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   Vol. 69/No. 33           August 29, 2005  
‘Communist Manifesto’ speaks to workers today
(Books of the Month column)
Below is an excerpt from a 1937 introduction to the Communist Manifesto by Leon Trotsky. The introduction by the Bolshevik leader noted then, as remains the case today, the freshness and relevance of the Manifesto’s most important sections. Pathfinder’s Spanish-language edition of this founding programmatic document of the modern communist movement is one of its Books of the Month for August. Copyright © 1992 by Pathfinder Press. Reprinted by permission.

It is hard to believe that the centennial of the Manifesto of the Communist Party is only ten years away! This pamphlet, displaying greater genius than any other in world literature, astounds us even today by its freshness. Its most important sections appear to have been written yesterday. Assuredly the young authors (Marx was twenty-nine, Engels twenty-seven) were able to look further into the future than anyone before them, and perhaps than anyone since them.

Already in their joint preface to the edition of 1872, Marx and Engels declared that despite the fact that certain secondary passages in the Manifesto were antiquated, they felt that they no longer had any right to alter the original text inasmuch as the Manifesto had already become a historical document, during the intervening period of twenty-five years. Sixty-five additional years have elapsed since that time. Isolated passages in the Manifesto have receded still further into the past. We shall try to establish succinctly in this preface both those ideas in the Manifesto which retain their full force today and those which require important alteration or amplification.

1. The materialist conception of history discovered by Marx only a short while before and applied with consummate skill in the Manifesto, has completely withstood the test of events and the blows of hostile criticism. It constitutes today one of the most precious instruments of human thought. All other interpretations of the historical process have lost all scientific meaning. We can state with certainty that it is impossible in our time to be not only a revolutionary militant but even a literate observer in politics without assimilating the materialist interpretation of history.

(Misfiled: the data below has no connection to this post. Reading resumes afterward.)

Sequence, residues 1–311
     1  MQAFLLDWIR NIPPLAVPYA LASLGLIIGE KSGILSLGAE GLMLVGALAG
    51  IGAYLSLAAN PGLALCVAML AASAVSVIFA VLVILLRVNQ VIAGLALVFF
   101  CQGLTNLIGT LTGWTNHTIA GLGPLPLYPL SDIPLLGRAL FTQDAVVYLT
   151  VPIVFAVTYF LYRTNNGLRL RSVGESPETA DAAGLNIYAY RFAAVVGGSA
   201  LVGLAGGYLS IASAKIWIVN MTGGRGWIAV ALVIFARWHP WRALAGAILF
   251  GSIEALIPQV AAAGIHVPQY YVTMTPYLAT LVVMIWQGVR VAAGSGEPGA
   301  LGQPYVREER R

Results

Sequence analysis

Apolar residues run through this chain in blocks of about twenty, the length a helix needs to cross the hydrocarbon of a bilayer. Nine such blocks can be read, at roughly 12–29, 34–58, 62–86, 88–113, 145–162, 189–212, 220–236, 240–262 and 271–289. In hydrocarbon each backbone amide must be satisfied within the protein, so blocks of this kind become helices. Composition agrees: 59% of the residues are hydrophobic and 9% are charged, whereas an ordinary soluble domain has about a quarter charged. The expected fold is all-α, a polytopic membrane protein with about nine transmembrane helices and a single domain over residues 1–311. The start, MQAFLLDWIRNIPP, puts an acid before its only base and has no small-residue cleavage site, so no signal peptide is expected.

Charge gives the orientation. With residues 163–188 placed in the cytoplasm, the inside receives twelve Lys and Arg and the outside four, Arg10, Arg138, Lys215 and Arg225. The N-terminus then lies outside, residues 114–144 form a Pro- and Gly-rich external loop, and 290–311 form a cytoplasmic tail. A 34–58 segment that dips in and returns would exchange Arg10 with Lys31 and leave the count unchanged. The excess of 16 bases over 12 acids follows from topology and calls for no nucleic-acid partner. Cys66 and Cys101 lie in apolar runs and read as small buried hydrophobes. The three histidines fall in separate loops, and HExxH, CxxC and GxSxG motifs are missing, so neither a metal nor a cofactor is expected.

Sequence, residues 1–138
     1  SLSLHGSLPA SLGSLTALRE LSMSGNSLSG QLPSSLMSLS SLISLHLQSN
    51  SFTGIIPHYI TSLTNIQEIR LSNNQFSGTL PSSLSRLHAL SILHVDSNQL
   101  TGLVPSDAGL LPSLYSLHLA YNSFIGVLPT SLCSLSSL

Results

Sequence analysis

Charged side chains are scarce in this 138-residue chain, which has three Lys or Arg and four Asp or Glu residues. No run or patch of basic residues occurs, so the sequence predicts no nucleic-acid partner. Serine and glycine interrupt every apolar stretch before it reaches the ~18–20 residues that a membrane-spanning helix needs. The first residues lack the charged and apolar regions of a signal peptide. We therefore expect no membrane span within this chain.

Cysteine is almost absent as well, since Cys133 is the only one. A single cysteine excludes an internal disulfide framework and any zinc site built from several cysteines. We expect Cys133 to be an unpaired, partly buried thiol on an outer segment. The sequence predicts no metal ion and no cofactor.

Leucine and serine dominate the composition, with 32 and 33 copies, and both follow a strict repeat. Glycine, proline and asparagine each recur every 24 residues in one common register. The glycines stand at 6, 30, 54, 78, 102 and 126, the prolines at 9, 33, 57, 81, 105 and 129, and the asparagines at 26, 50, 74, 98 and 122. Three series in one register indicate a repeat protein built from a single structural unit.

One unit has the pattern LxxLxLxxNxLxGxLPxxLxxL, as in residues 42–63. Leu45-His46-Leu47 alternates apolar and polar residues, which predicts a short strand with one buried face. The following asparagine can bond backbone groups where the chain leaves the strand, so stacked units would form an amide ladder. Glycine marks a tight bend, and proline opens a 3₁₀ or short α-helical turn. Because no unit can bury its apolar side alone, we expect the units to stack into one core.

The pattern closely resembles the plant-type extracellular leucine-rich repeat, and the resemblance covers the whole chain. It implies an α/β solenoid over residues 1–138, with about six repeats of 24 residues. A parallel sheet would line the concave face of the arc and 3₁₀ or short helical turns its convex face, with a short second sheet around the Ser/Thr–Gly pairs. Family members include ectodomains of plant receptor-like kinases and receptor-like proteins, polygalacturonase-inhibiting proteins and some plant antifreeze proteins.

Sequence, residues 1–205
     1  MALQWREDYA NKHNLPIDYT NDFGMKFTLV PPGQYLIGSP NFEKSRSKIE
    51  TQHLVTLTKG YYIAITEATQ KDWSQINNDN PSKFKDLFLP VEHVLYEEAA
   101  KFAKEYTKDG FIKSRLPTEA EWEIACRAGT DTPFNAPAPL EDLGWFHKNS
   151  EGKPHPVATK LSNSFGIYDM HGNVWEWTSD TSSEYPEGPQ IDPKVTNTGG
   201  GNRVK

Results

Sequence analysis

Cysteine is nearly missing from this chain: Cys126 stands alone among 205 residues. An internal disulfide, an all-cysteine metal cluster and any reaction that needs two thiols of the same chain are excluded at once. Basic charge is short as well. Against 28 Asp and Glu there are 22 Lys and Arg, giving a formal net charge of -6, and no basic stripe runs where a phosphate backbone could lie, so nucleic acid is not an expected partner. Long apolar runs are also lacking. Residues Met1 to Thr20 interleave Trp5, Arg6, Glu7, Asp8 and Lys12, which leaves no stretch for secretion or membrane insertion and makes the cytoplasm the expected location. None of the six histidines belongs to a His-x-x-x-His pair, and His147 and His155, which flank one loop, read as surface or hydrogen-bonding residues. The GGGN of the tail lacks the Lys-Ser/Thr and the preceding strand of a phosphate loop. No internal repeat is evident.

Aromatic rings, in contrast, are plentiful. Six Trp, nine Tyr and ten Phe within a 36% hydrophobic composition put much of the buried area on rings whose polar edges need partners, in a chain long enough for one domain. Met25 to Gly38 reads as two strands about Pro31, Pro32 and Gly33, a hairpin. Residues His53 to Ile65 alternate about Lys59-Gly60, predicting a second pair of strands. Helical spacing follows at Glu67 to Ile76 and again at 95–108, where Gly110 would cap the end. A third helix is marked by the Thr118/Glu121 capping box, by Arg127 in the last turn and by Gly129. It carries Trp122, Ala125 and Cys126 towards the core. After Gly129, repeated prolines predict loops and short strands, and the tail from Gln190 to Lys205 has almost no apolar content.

2. The first chapter of the Manifesto opens with the following words: “The history of all hitherto existing society is the history of class struggles.” This postulate, the most important conclusion drawn from the materialist interpretation of history, immediately became an issue in the class struggle. Especially venomous attacks were directed by reactionary hypocrites, liberal doctrinaires, and idealistic democrats against the theory which replaced “common welfare,” “national unity” and “eternal moral truths” as the driving force by the struggle of material interests. They were later joined by recruits from the ranks of the labor movement itself, by the so-called revisionists, i.e., the proponents of reviewing (“revising”) Marxism in the spirit of class collaboration and class conciliation. Finally in our own time, the same path has been followed in practice by the contemptible epigones of the Communist International (the “Stalinists”): the policy of the so-called People's Front flows wholly from the denial of the laws of the class struggle. Meanwhile, it is precisely the epoch of imperialism, bringing all social contradictions to the point of highest tension, which gives to the Communist Manifesto its supreme theoretical triumph.

3. The anatomy of capitalism, as a specific stage in the economic development of society, was given by Marx in its finished form in Capital (1867). But already in the Communist Manifesto the main lines of the future analysis are firmly sketched: the payment for labor power as equivalent to the cost of its reproduction; the appropriation of surplus value by the capitalists; competition as the basic law of social relations; the ruination of intermediate classes, i.e., the urban petty bourgeoisie and the peasantry; the concentration of wealth in the hands of an ever diminishing number of property owners at the one pole, and the numerical growth of the proletariat at the other; the preparation of the material and political preconditions for the socialist regime.

4. The proposition in the Manifesto condemning the tendency of capitalism to lower the living standards of the workers, and even to transform them into paupers, had been subjected to a heavy barrage. Parsons, professors, ministers, journalists, social democratic theoreticians, and trade union leaders came to the front against the so-called theory of impoverishment. They invariably discovered signs of growing prosperity among the toilers, palming off the labor aristocracy as the proletariat or taking a fleeting tendency as permanent. Meanwhile, even the development of the mightiest capitalism in the world, namely U.S. capitalism, has transformed millions of workers into paupers who are maintained at the expense of federal, municipal, or private charity.  
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